Contrary to popular notion, we can prevent crooked teeth in both children and adults. As that statement implies, it is true that even adults can get crooked teeth later on in their lives if they are not careful about preventing bad habits from developing. Given that malocclusions can not only hinder an otherwise perfect smile, but also make us more susceptible to a variety of oral health problems, it would be particularly useful to know the preventive measures. With the notion of “prevention being the best cure” in focus, let’s now find out more about how to avoid dental misalignments in children and adults.
A Brief Overview of Malocclusions, aka Crooked Teeth
Before learning about ways to prevent something, we should at least get to know what it is first. Crooked teeth, misalignment and malocclusion are all terms that describe oral misalignments. Although malocclusion is a cluster term, there are various types of crooked teeth, which can be divided into a few primary categories, as stated below:
- Overcrowding: Overlapping, overcrowded, crooked teeth on the upper, lower, or both rows of teeth
- Overbite: Multiple or all of the teeth in the upper set overlap the set of teeth below
- Underbite: Two or more of the frontal teeth are overlapped by their counterparts in the lower row of teeth
- Crossbite: Similar to an underbite, but instead of just the frontal teeth, multiple other teeth on the upper set are also overlapped by the lower set
- Open Bite: Someone with an open bite cannot clench their teeth without leaving a prominent gap between the two sets
- Diastema: Diastema is often used to describe a prominent gap between the two frontal teeth, but it also applies to spaced teeth in general
- Tooth Agenesis: This refers to a set of conditions where an adult tooth never grew out to fill the gap it was supposed to; aka missing tooth
- Impacted Tooth: A half-grown, crooked, misaligned adult tooth that never managed to replace the milk tooth it was supposed to
- Overjet: Unlike an overbite where the upper set of teeth only overlaps the lower set, an overjet is a visible, horizontal protrusion of the upper jaw and teeth
How to Fix Malocclusions that are Already There
If the malocclusion is already there, be it congenital, or acquired, we need a solution, and it almost always comes in the form of braces. Children will need to visit the orthodontist to get their teeth properly aligned, but adults and late teens can do it at home by themselves.
At a small fraction of what the orthodontist will charge you, clear aligners from ALIGNERCO will straighten your teeth in roughly six to eleven months’ time. They can be taken out by the wearer at night for cleaning, or before eating for maintaining maximum oral hygiene. Since these are clear braces, they are nearly invisible to onlookers. Visit ALIGNERCO to know more about the whole system of straightening your teeth at home. They even have a monthly payment plan going for those that do not have the cash to pay right away.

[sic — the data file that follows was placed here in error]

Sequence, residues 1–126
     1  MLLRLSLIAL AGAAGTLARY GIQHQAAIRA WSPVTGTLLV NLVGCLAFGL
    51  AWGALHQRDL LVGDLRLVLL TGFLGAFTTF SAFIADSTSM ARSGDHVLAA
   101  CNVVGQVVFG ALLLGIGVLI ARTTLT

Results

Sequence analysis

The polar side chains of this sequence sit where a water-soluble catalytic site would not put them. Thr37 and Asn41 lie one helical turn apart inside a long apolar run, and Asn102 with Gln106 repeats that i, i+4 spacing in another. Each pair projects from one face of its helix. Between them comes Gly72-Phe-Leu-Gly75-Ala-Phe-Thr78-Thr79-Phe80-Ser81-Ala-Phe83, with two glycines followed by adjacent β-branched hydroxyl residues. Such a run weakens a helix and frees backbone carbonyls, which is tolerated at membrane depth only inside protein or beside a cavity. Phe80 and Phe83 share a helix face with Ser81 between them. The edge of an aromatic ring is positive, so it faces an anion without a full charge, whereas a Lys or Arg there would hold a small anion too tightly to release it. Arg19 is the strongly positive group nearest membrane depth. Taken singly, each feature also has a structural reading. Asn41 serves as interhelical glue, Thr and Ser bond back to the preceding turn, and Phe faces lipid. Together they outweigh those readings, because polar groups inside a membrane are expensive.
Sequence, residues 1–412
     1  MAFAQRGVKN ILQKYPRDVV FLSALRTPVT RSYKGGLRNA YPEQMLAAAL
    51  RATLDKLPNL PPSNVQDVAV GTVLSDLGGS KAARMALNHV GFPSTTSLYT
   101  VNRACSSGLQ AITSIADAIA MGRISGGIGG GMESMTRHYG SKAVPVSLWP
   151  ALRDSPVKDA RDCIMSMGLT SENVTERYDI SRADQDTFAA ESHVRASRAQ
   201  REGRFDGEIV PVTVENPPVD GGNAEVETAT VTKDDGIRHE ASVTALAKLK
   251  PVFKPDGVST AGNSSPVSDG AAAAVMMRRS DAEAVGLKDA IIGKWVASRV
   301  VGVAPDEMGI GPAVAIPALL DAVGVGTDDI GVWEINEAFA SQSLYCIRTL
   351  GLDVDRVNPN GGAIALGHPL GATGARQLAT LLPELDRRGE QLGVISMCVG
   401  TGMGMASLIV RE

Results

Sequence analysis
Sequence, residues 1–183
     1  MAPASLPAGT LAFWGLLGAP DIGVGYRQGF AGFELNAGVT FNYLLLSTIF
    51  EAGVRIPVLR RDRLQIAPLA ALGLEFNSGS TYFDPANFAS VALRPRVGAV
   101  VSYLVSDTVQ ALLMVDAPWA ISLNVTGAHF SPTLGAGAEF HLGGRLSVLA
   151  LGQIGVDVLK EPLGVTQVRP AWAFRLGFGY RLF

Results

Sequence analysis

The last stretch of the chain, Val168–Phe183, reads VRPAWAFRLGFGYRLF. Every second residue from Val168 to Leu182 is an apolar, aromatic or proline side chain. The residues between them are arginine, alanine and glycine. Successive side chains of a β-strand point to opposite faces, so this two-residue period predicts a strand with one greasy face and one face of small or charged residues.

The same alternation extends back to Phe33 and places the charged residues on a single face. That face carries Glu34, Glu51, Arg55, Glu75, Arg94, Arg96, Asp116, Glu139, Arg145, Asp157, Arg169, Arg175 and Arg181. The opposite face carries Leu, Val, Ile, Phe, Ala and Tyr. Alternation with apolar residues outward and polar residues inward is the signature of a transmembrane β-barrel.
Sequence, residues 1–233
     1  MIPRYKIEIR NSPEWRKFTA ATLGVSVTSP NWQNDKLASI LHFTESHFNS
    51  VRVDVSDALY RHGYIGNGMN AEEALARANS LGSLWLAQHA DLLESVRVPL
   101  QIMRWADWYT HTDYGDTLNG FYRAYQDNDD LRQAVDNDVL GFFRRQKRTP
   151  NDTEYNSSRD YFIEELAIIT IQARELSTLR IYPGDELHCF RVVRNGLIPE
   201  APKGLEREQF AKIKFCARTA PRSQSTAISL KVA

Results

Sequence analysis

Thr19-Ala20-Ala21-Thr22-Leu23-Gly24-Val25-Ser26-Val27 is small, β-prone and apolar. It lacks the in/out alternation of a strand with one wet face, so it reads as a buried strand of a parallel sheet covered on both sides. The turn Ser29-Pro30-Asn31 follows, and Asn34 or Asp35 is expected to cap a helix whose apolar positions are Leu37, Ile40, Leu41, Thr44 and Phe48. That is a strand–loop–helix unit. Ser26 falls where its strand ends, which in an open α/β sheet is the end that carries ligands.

How to Prevent Malocclusions in Children?
There are two main aspects to consider if you wish to stop your children from developing crooked teeth, which we will detail next.
Fallen Milk Tooth/Teeth
It is an inevitable part of growing up of course, but unlike most of our other natural processes, the transition from milk teeth to adult teeth is seldom smooth. You need to always pay special attention to your child’s fallen tooth/teeth, because the first few times a gap is created, it must be followed up by a check-up at the dentist’s. The dentist will look at how the surrounding teeth are behaving, as well as the condition and inclination of the tooth that’s about to replace the missing tooth. If they detect that there are chances of spacing, overcrowding, etc. appropriate measures will be taken and the malocclusion can be avoided easily.
This is the number one reason in not just the United States, but pretty much the entire world for children developing crooked teeth. While it is perfectly natural for children to suck their thumbs until the age of 4 or 5, the faster you are able to stop them from doing so, the better are their chances of having a perfect smile. Don’t ever force it though, because it’s a natural oral stage which needs to be handled with care.
How to Prevent Malocclusions in Adults
Malocclusions in adults can be easily avoided as we are discussing aware and developed individuals here, but that’s only if they are indeed aware of what bad habits can lead to crooked teeth. Check the following to know what the most important steps are to preventing malocclusions in adults:
Sleeping on your tummy will lead to crooked teeth due to the repetitive, uneven pressure this bad habit exerts on your upper set of teeth. It’s even worse for your back, so force a change in your sleeping posture. It might not be easy to make the shift and it won’t happen overnight, but as long as you consciously try to sleep on your back every night, the body will eventually catch on.
Adults can end up sucking their thumbs during the night too in rare cases, but more often than not, it’s something that they do subconsciously during the waking hours that leads to misalignments. It could be anything from chewing on the end of a pencil or pen, to grinding teeth; if you are doing things with your mouth subconsciously, you need to stop it consciously.
That’s all there is to it, but additional measures might still be suggested by your dentist. For the most part though, paying attention to these few habits should help both children and adults avoid malocclusions quite easily.